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Propane tank auto shut off valve revisted
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RCWesty
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PostPosted: Mon Oct 29, 2007 9:47 pm    Post subject: Propane tank auto shut off valve revisted Reply with quote

Sorry about the re-post on this issue, but I completely removed my propane tank this sunday following many weeks of procrastination. A trip to the local propane station (PS) about a month ago resulted in all of the propane leaking out of the small hole on the fill valve. I'm hesitant to return to without replacing this part and making future trips to PS easier. I figured now would be a good time to clean and repaint tank and replace regulator, fill valve and shut off valve.

My understanding from previous posts are refill adapter and fill valve can be purchased from
http://www.pplmotorhomes.com/parts/lp-gas/propane-refill-adapter.htm
and the regulator from http://www.busdepot.com/details.jsp?partnumber=253070604

original equipment for the refill adapter was designed with an auto shut off valve. the replacement from ppl above does not have a auto shut off valve. Also appears simplified from the square original valve.

my question is this: What is the correct solution to allowing the internal pressure to released while refilling? Earlier posts did not address this issue to the best of my knowledge. There is another small copper line that returns to the fill valve. What happens to this line when replaced by ppl valve?

Also, a propane dealer in Carson City (NV) suggested replacing the tank due to lack of parts, inability to adequately vent while refilling and potential for overfilling tank. He indicated these replacement parts will allow the PS to fill tank more than 70 percent (cut off provided by auto shutoff) and could result failure due to heat expansion. This could result in rupture or worse, potential fire (unlikely I thought). He gave me manchester tank www.mantank.com info. I contacted them separately and they indicated that they only deal with licensed distributors and they mentioned gowesty by name. Interesting connection.. These scare tactics are very familiar.

What is the correct solution to replacing fill valve to avoid the kaboom factor. Hate to think these easy fixes are not correct or safe.

of the folks that have replaced these three items, are they satisfied with their results?
tanks in advance.

Confused
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captainpartytime
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PostPosted: Mon Oct 29, 2007 10:32 pm    Post subject: Reply with quote

I'm no expert with these tanks but my experience researching and replacing the service valve/regulator/bleeder screw has given me a little insight. I don't think you can overfill the tank if filled properly. If the bleeder screw is not open you can't fill the tank at all...the air inside the tank has to escape somehow if you want to replace it with propane. Once you fill the tank liquid propane shoots out the bleeder valve preventing one from overfilling the tank. I replaced all the valves and hose after painting my tank and have been very satisfied with the results. This is an easy, straightforward job that is very satisfying. Don't buy a new tank, these Manchester tanks were built to last a long time. Go for it.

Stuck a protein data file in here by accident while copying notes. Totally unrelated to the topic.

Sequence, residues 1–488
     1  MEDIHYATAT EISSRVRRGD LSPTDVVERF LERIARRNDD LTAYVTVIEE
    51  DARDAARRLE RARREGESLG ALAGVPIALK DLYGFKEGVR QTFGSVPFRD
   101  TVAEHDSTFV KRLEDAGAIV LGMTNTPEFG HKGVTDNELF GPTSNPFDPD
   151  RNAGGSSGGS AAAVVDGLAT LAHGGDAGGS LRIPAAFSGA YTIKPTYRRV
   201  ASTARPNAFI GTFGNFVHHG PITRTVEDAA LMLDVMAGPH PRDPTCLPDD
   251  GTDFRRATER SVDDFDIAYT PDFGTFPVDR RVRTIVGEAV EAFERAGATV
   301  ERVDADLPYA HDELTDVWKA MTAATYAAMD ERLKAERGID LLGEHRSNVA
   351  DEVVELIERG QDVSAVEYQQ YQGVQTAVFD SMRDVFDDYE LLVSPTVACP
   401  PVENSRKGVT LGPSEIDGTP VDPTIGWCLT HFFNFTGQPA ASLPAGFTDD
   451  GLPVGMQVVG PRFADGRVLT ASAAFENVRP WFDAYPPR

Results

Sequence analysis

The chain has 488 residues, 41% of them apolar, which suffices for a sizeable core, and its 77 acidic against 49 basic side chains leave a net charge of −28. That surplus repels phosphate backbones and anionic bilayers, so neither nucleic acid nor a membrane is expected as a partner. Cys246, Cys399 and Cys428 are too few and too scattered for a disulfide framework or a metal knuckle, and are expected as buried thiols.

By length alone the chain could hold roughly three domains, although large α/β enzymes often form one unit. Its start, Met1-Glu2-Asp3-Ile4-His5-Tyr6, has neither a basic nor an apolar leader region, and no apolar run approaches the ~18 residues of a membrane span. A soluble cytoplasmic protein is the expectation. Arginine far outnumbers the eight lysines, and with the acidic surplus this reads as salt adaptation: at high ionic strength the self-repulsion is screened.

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Terry Kay
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PostPosted: Tue Oct 30, 2007 7:38 am    Post subject: Re: Propane tank auto shut off valve revisted Reply with quote

<< A trip to the local propane station (PS) about a month ago resulted in all of the propane leaking out of the small hole on the fill valve. I'm hesitant to return to without replacing this part and making future trips to PS easier.>>

A real common problem with the Autostop fill valve, and it would be a real good idea to replace it with an OE Type 2 Bus manual valve.

<I figured now would be a good time to clean and repaint tank and replace regulator, fill valve and shut off valve.>>

The regulator & Fill valve yes.
The shut off valve isn't a big wear item, and doesn't really ever wear out.

<<My understanding from previous posts are refill adapter and fill valve can be purchased from
http://www.pplmotorhomes.com/parts/lp-gas/propane-refill-adapter.htm>>

Beware of the Acme fill valve.
It isn't the same valve as Westfalia used in the early Buses, and is lighter duty.
The pressure one way spring inside the valve isn't the same as the OE Westfalia spec'ed valve, and is smaller in diameter.
It's a lightweight valve.

It'll be a leaker too in time.

The factory Westy fill valve is a Rego valve--and a better set up.

<<original equipment for the refill adapter was designed with an auto shut off valve. the replacement from ppl above does not have a auto shut off valve. Also appears simplified from the square original valve.>>

If you take a look at any early Westfalia propane tank, you'll notice that they didn't use the autostop valve either.

I have no idea what genius decided to use them on a Vanagon Westy.
They proved to be a problem, and fail often.

<<my question is this: What is the correct solution to allowing the internal pressure to released while refilling?>>

Simple.
Open up the bleeder valve.
The propane will fill the 80% full level,& spit the excess propane out of it.
Shut the bleeder off, your done.

<<Earlier posts did not address this issue to the best of my knowledge. There is another small copper line that returns to the fill valve. What happens to this line when replaced by ppl valve>>